Is there a word to describe the competitive advantage gained from sabotaging a competitor, or more generally the advantage gained from dishonesty?

An example: Your office receives pamphlets advertising an office cleaning service. Your current office cleaning service steals and hides that pamphlet before an employee at the office can see it. What words can one use to concisely describe the advantage that your current cleaning service has gained?

  • 1
    It's called 'business'.
    – Kris
    Apr 26, 2012 at 16:29

5 Answers 5


I would call them ill-gotten gains. I believe this could apply to the intangible.

Obtained in an evil manner or by dishonest means: ill-gotten gains.


I can't think of a single word for unfair advantage, but I suggest the following:

  • The company had gained an unscrupulous advantage.
  • The edge was earned through dishonest/crooked/unfair/dodgy means.
  • As cornbread says, the company's advantage was ill-gotten.
  • I quite like 'unscrupulous' too - had a bit of a head scratch about it and I can't think of any words to replace advantage that have either a negative or positive connotation. The only way I can communicate it is to qualify what kind of advantage, or how it was gained.
    – tanantish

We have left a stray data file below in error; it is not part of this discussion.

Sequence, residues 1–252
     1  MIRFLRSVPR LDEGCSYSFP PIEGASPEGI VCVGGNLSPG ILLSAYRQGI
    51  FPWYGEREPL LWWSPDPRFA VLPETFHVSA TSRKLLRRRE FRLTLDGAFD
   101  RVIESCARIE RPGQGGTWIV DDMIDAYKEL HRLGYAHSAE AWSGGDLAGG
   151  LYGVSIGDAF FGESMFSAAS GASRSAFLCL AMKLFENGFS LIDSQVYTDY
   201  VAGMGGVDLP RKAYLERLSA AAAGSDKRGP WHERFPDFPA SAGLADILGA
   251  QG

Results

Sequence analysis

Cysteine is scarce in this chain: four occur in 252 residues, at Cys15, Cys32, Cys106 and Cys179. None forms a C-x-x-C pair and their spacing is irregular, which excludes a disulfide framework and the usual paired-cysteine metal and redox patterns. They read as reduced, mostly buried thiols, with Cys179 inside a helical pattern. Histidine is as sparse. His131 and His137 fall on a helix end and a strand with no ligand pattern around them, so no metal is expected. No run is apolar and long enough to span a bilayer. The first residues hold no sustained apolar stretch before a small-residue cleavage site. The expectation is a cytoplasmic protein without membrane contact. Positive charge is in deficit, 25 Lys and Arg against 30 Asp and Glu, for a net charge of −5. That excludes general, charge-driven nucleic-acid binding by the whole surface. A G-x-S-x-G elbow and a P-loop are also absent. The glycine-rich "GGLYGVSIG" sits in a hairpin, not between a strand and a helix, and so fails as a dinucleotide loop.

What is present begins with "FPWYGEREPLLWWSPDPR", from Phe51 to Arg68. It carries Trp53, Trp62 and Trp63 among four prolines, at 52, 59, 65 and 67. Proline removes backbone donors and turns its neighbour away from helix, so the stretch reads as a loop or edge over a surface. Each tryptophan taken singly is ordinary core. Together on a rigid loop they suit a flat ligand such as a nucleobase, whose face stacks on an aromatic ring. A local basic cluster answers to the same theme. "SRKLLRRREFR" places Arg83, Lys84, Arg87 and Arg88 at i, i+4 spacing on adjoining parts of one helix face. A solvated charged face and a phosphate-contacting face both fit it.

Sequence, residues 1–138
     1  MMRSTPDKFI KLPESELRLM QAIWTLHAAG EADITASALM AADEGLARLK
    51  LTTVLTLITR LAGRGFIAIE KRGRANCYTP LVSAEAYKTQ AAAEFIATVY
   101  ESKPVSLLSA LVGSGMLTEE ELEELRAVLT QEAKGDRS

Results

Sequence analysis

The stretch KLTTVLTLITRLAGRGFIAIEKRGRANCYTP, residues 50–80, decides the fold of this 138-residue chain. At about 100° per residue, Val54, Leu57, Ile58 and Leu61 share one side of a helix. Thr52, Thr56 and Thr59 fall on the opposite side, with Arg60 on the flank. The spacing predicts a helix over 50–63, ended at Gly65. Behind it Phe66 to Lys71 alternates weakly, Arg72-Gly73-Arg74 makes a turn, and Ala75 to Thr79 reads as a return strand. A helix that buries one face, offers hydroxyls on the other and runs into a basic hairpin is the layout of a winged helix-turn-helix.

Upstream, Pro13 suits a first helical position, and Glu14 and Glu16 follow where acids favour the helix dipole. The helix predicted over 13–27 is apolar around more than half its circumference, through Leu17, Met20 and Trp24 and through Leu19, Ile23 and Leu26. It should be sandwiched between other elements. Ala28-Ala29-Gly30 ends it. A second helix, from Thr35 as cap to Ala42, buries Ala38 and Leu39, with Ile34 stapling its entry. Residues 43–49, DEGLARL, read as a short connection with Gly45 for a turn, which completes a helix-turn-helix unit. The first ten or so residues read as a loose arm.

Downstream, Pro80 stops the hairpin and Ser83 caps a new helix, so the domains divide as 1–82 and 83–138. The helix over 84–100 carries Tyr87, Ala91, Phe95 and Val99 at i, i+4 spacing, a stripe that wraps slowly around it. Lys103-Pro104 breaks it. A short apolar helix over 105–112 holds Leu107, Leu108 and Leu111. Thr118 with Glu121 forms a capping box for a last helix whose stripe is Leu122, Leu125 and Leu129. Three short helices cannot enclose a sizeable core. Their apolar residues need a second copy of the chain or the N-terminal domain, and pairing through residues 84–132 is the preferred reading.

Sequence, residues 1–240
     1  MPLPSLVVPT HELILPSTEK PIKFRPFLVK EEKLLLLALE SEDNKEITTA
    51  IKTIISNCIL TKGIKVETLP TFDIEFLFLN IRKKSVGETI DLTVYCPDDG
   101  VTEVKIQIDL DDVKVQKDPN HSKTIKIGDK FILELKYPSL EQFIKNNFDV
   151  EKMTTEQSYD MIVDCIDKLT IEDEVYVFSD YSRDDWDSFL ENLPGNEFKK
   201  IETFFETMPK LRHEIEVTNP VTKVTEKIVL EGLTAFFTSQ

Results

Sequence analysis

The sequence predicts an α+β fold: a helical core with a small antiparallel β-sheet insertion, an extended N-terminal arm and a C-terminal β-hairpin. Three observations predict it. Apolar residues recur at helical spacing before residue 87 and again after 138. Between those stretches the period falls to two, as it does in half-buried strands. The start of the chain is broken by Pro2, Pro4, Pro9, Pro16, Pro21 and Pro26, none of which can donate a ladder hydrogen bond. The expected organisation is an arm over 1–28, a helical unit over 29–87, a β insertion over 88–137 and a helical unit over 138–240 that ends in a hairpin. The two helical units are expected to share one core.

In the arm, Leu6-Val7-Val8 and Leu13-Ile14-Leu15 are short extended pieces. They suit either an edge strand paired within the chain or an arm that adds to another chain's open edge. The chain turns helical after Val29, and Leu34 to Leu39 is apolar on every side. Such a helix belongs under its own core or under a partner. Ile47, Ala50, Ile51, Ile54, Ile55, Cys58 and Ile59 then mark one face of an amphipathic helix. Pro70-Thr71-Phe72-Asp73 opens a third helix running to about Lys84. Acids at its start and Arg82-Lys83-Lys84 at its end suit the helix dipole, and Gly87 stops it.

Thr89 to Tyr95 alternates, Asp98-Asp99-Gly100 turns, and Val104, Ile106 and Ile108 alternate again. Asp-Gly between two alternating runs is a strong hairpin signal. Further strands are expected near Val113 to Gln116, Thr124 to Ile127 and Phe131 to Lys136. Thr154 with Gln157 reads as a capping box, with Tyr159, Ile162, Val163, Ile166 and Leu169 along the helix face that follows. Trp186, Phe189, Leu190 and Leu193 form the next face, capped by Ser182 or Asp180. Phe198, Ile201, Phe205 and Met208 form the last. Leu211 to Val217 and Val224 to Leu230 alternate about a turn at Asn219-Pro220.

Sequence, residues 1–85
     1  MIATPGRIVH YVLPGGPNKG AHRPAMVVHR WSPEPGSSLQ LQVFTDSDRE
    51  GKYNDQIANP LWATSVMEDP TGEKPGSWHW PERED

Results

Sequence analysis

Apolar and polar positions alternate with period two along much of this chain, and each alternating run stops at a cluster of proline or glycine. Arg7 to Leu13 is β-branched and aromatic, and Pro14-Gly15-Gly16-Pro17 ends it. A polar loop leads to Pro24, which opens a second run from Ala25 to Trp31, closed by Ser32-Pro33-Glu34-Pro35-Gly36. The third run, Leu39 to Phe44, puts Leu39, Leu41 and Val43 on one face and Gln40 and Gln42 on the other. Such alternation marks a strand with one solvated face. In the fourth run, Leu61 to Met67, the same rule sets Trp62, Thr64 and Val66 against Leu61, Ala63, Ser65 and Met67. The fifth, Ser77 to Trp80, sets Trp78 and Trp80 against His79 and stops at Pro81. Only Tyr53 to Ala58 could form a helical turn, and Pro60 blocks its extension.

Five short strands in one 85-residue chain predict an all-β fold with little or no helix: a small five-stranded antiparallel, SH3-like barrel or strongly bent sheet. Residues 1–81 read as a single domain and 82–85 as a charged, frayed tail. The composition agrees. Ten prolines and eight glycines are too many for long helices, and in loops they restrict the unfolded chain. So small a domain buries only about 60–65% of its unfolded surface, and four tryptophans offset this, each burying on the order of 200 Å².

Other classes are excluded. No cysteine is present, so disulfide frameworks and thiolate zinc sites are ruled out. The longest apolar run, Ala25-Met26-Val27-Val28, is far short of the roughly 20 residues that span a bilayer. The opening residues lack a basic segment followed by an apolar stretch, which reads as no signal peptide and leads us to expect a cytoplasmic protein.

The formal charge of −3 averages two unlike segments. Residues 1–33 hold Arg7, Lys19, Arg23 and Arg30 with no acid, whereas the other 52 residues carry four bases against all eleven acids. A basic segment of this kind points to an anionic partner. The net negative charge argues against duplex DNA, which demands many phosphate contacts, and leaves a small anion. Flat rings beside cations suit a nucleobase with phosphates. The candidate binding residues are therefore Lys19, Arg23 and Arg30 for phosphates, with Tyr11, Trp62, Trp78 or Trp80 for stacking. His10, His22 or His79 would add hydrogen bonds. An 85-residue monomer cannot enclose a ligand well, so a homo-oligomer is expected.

Apr 26, 2012 at 16:30


They are the spoils of war.


Despoliation ("a stripping or plundering; spoliation") or spoliation itself seem like possibilities. The latter term has senses including

• The act of plundering or spoiling; robbery; deprivation; despoliation.
• Robbery or plunder in times of war; especially, the authorized act or practice of plundering neutrals at sea.
• (law) The intentional destruction of or tampering with (a document) in such way as to impair evidentiary effect.

Also consider terms like encroachment, usurpation, traduction, arrogation, ruthlessness.

  • Not sure if these words are related to unfair advantage....
    – Bravo
    Apr 26, 2012 at 15:43
  • @Shyam, the word unfair does not appear in the question. Apr 26, 2012 at 15:46

You could say that the cleaning company in your example has won a pyrrhic victory in that they may have gained a temporary financial advantage, but have undermined themselves as a trustworthy company.

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